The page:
- S. Çayan, C. Chermansky, N. Schlote et al., “The bladder acellular matrix graft in a rat chemical cystitis model: functional and histologic evaluation,” The Journal of Urology, vol. 168, no. 2, pp. 798–804, 2002.
- R. González, S. Rodríguez, C. Romay et al., “Anti-inflammatory activity of phycocyanin extract in acetic acid-induced colitis in rats,” Pharmacological Research, vol. 39, no. 1, pp. 55–59, 1999.
- M. K. Saini and S. N. Sanyal, “Targeting angiogenic pathway for chemoprevention of experimental colon cancer using C-phycocyanin as cyclooxygenase-2 inhibitor,” The International Journal of Biochemistry & Cell Biology, vol. 92, no. 3, pp. 206–218, 2014.
- M. Boudes, P. Uvin, S. Kerselaers, R. Vennekens, T. Voets, and D. De Ridder, “Functional characterization of a chronic cyclophosphamide-induced overactive bladder model in mice,” Neurourology and Urodynamics, vol. 30, no. 8, pp. 1659–1665, 2011.
- C.-M. Shih, S.-N. Cheng, C.-S. Wong, Y.-L. Kuo, and T.-C. Chou, “Antiinflammatory and antihyperalgesic activity of C-phycocyanin,” Anesthesia & Analgesia, vol. 108, no. 4, pp. 1303–1310, 2009.
- T. Minami, I. Nishihara, R. Uda, S. Ito, M. Hyodo, and O. Hayaishi, “Characterization of EP-receptor subtypes involved in allodynia and hyperalgesia induced by intrathecal administration of prostaglandin E2 to mice,” British Journal of Pharmacology, vol. 112, no. 3, pp. 735–740, 1994.
- Y. Chuang, N. Yoshimura, C. Huang, M. Wu, P. Tyagi, and M. B. Chancellor, “Expression of E-series prostaglandin (EP) receptors and urodynamic effects of an EP4 receptor antagonist on cyclophosphamide-induced overactive bladder in rats,” BJU International, vol. 106, no. 11, pp. 1782–1787, 2010.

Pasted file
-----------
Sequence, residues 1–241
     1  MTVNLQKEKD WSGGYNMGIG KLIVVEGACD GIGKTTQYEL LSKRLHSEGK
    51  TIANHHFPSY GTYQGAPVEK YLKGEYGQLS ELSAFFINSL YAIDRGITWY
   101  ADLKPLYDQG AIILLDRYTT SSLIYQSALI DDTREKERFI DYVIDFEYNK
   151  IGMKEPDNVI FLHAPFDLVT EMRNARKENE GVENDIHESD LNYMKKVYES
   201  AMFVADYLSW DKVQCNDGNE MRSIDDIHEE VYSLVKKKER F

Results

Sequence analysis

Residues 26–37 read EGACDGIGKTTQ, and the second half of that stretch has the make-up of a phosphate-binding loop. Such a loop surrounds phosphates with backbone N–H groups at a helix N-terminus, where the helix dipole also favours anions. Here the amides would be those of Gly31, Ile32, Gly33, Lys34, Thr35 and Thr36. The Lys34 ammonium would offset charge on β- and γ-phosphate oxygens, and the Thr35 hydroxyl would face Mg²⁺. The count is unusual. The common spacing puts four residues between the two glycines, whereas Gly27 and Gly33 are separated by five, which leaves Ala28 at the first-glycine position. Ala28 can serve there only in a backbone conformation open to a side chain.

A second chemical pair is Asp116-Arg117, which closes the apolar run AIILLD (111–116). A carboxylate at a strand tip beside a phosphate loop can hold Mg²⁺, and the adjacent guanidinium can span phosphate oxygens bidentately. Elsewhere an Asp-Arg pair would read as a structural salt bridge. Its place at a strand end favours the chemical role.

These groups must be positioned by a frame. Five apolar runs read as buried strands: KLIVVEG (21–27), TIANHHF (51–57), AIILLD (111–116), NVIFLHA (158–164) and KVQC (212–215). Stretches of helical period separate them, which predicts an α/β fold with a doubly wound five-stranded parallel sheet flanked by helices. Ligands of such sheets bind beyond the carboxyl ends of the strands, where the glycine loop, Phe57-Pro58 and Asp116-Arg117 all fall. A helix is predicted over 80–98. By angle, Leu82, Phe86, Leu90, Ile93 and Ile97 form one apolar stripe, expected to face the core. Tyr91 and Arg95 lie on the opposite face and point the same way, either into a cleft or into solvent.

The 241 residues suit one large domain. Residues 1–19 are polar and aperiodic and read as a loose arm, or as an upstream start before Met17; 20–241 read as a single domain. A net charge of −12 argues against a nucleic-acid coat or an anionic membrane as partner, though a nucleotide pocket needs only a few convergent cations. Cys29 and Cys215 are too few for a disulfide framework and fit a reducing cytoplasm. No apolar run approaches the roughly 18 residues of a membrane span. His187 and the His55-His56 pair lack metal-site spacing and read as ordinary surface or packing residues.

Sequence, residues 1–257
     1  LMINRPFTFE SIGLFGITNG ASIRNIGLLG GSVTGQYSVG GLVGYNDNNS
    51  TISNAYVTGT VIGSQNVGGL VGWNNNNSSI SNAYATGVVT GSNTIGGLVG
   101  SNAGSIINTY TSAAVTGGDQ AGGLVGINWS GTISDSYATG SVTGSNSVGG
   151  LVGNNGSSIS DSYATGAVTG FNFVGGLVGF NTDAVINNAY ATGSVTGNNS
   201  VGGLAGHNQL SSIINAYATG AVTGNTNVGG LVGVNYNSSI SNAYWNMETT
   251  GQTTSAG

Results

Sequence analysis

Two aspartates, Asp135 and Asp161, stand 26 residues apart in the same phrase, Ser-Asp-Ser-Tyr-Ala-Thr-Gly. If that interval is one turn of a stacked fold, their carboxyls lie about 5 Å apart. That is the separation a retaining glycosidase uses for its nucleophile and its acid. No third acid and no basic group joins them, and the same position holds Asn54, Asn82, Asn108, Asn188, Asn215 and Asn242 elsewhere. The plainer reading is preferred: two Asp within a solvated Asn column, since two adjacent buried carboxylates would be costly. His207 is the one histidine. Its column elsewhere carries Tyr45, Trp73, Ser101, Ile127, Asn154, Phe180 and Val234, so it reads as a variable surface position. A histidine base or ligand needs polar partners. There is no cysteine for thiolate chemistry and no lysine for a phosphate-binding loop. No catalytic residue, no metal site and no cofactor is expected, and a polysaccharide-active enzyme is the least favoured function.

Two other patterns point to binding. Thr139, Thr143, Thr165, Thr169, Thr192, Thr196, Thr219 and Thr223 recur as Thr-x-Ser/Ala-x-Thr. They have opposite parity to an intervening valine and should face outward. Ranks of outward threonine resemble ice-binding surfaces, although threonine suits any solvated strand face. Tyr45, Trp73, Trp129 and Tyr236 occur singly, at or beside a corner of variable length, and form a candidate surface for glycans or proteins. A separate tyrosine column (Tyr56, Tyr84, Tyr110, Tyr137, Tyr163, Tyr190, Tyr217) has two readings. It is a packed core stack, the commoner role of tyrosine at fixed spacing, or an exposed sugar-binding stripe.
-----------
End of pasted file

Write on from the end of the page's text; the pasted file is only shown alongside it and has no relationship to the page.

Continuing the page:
- Y. Chuang, P. Tyagi, C. Huang, M. B. Chancellor, and N. Yoshimura, “Mechanisms and urodynamic effects of a potent and selective EP4 receptor antagonist, MF191, on cyclophosphamide and prostaglandin E2-induced bladder overactivity in rats,” BJU International, vol. 110, no. 10, pp. 1558–1564, 2012.
- T. Moriyama, T. Higashi, K. Togashi et al., “Sensitization of TRPV1 by EP1 and IP reveals peripheral nociceptive mechanism of prostaglandins,” Molecular Pain, vol. 1, article 3, 2005.
- W. Ma, B. St-Jacques, U. Rudakou, and Y. N. Kim, “Stimulating TRPV1 externalization and synthesis in dorsal root ganglion neurons contributes to PGE2 potentiation of TRPV1 activity and nociceptor sensitization,” European Journal of Pain, vol. 21, no. 4, pp. 575–593, 2017.
Copyright © 2019 Xing-qi Bao et al. This is an open access article distributed under the Creative Commons Attribution License, which permits unrestricted use, distribution, and reproduction in any medium, provided the original work is properly cited.